After years of rhetoric about the need to redirect growth in air travel from LAX, efforts are finally moving forward under Los Angeles Mayor Antonio Villaraigosa to grow both passenger and cargo traffic at Ontario International Airport.
Los Angeles World Airports, the L.A. city-run body that oversees both airports, has expanded its broadcast media marketing campaign for Ontario, using ads on Internet booking sites to target business travelers looking to avoid the hassles of Los Angeles International Airport.
Meanwhile, airport officials are about to consider a plan, long in the works, to greatly expand cargo handling facilities at Ontario. A $125 million proposal put forward by airport property developer Aeroterm would add 1 million square feet of cargo handling space at the airport, enough to process loads from an additional 15 to 20 planes at one time.
"This is all about Mayor Antonio Villaraigosa's plan to regionalize air traffic," said Mark Thorpe, director of air service marketing for the airport agency. "For the last three years, we've been trying to spread out air passenger traffic through our media campaign. Now, we're looking to spread out air cargo traffic with this new facility."
Ontario Airport has long been the linchpin of efforts to regionalize air traffic as opposition to expanding LAX has intensified. Three of the four other local airports - Bob Hope in Burbank; Long Beach; and John Wayne in Orange County - are all hemmed in by development and have hard passenger and/or flight caps that make them virtually impossible to expand.
Los Angeles also owns Palmdale Airport but it's too far away to appeal to most L.A. County businesses and residents and has had a hard time getting off the ground. Late last year, one air carrier, Scenic Airlines, abandoned a short-lived effort to run passenger service from Palmdale to Las Vegas.
The only other regional possibility, converting the closed U.S. Marine base at El Toro in Orange County was taken off the table when voters there decided to turn it into a park.
Ontario Airport, on the other hand, is the only area facility with room to expand and with nearby residents that mostly favor airport growth. With little opposition, the airport agency built a new terminal in the late 1990s to accommodate more passengers.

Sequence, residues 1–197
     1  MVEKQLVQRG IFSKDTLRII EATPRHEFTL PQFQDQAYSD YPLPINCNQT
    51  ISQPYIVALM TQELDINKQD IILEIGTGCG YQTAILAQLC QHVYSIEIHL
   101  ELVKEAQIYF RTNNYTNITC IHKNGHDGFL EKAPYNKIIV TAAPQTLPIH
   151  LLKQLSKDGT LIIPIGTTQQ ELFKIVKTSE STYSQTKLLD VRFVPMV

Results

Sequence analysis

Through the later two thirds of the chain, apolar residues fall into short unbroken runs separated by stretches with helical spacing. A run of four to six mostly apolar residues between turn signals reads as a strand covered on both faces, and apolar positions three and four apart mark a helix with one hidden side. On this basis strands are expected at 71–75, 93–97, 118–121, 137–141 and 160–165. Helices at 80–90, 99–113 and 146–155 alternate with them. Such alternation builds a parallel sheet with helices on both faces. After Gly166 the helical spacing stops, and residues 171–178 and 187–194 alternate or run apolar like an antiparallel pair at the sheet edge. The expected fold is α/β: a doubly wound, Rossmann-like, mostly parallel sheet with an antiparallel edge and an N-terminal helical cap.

But the growth has been slow thanks to a classic "chicken-and-egg" syndrome: Major domestic and international carriers have been slow to add flights out of Ontario because of a lack of passengers, but more passengers won?t come until there?s a much broader selection of flights.
Plans to market Ontario as a less-crowded alternative to LAX stalled for years, but restarted three years ago with $1.2 million in annual broadcast and print-media buys. Last month, airport officials kicked off the annual spring campaign, this time with an Internet component. The main target: business travelers, especially those at companies with employees living east of the San Gabriel River (605) Freeway in the San Gabriel Valley.
The marketing campaign has paid off - to a point. Last year, Ontario Airport saw 7.1 million passengers, up 4 percent from 2004.
"That's a fairly average rate of growth for local airports, not the kind of growth we would like to see coming from Ontario," said Michael Armstrong, lead regional planner for aviation with the Southern California Association of Governments, who believes more needs to be done to get air travelers to use Ontario, especially on the ground side.
"It's still way too difficult for people in the core air travel market - the western part of Los Angeles and Orange counties - to get to Ontario," he said.
The planning agency views a high-speed rail link between L.A. and Ontario as the main long-term alternative. But in the short run, Armstrong said the agency is working with Los Angeles airport and local transit officials to explore the option using Metrolink and lots in central L.A. with buses running to and from Ontario.